Bolivian judicial sources Monday reported a fourth set of charges could be filed against former interim President Jeanine Áñez for crimes that took place during her spell as acting head of state.
Áñez is already on her sixth day of a hunger strike since the even of a trial against her started last week, which was lñater adjourned due to technical dificulties.
The new indictment, according to the sources, would be linked to the 37 deaths from the Sacaba and Senkata massacres, two towns where the armed forces quashed anti-Government demonstrations.
Áñéz is currently charged is the so-called Coup d'Etat II case for being appointed President when she was not next in line following the resignationsof Evo Morales and Álvaro García-Linera and also for failing to discharge her rightful duties as a Senator.
Then there is the so-called Coup d'etat I case, which consists of charges of sedition and terrorism, with the Constitutional Court yet to rule on which procedural rule to apply.
There is also a third case for alleged irregularities in the appointment of Karina Fabiola Leiva Añez de Ruiz as manager of the Bolivian Food Company (EBA) in 2020.
This time around, relatives of the Sacaba and Senkata victims seek justice: We declared an emergency because as victims of Mrs. Añez in her de facto government there were [people] wounded and deceased and this cannot go unpunished.
In this scenario, Justice Minister Iván Lima said Monday that, in accordance with recommendations from the Interdisciplinary Group of Independent Experts (GIEI-Bolivia), the State was to enforce memory, truth and justice for the victims of the 2019 events, for which he vowed nobody would be granted impunity.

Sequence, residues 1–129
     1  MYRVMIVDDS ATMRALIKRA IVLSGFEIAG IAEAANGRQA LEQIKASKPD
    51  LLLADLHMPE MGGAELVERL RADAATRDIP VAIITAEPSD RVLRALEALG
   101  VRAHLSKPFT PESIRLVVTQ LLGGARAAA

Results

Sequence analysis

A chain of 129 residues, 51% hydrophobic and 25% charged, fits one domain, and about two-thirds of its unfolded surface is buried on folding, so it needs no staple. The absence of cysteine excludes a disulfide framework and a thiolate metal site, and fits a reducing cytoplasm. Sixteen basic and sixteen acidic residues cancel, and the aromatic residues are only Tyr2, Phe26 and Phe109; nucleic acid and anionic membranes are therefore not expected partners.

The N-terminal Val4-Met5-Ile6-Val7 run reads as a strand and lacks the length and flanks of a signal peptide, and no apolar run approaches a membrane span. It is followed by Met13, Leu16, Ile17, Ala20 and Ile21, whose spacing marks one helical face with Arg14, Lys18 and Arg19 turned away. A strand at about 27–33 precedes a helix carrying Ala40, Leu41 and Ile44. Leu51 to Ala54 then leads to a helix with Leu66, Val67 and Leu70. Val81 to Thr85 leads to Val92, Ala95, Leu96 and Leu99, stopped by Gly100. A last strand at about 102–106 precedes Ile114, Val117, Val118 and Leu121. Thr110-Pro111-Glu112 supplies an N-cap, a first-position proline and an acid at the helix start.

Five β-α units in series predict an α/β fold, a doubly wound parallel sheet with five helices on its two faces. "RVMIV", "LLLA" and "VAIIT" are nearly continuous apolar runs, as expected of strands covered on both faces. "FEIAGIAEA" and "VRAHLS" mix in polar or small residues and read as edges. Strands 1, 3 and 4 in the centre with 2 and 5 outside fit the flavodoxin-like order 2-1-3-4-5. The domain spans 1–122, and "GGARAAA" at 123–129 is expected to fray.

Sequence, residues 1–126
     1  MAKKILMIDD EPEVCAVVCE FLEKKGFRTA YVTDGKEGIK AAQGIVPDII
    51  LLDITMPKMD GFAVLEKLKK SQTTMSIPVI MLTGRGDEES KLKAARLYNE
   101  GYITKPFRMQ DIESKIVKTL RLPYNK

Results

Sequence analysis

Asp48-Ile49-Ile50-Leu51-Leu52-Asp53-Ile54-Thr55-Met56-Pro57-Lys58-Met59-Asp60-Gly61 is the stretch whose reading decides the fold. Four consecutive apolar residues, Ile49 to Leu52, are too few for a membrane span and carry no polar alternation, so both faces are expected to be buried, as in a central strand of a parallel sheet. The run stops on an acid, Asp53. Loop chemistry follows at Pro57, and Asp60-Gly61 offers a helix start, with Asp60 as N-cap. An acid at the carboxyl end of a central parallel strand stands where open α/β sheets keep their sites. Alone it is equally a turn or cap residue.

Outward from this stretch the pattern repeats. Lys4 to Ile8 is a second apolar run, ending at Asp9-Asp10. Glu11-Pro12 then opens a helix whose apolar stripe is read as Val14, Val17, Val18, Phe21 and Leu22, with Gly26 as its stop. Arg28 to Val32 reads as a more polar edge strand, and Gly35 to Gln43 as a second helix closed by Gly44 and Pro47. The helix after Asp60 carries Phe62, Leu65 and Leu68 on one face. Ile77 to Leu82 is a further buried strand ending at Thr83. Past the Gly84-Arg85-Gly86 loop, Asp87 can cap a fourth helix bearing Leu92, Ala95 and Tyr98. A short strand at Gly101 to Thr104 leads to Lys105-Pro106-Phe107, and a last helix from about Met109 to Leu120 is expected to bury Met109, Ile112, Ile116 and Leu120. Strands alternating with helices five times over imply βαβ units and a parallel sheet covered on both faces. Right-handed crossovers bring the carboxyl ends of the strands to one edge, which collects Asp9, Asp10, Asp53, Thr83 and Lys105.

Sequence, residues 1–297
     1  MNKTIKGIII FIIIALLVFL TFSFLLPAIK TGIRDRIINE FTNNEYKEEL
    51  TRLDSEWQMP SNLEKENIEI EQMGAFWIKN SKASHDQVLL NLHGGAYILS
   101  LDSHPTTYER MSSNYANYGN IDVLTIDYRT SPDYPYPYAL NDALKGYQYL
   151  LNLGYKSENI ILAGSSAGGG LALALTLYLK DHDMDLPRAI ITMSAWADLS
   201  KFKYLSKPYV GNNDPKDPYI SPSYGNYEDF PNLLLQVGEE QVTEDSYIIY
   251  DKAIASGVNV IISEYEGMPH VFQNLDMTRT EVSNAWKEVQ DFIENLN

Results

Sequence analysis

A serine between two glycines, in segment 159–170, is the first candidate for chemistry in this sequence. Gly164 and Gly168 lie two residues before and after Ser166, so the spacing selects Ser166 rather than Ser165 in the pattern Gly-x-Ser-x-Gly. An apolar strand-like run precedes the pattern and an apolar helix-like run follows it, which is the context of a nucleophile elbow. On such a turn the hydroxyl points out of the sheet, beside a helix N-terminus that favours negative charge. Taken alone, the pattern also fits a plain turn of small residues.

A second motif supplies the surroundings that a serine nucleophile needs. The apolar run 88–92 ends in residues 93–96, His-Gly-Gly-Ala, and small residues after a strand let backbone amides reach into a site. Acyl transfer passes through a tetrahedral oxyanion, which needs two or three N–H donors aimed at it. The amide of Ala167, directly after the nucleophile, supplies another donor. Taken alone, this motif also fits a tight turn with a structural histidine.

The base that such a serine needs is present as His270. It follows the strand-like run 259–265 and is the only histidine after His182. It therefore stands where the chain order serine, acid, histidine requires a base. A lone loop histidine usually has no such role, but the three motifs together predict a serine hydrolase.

”Now we have a Law to Strengthen the Fight against Corruption that allows us in cases of corruption and serious human rights violations to carry out (a process) in absentia even when Áñez goes on a hunger strike. In these cases, the process can continue in rebellion by mandate of the law, Lima said.
Whoever does not want to give an account to justice, will be subjected to a trial in absentia, this will not stop for any reason, because the Government's concept is that we will not cease in this effort to achieve justice,” Lima went on.
Lima insisted Áñez will be tried as a former senator and not as de facto president because she failed to comply with articles 168 and 169 of the Constitution in addition to Senate regulations when she first proclaimed herself Speaker of the Upper House who later became head of State.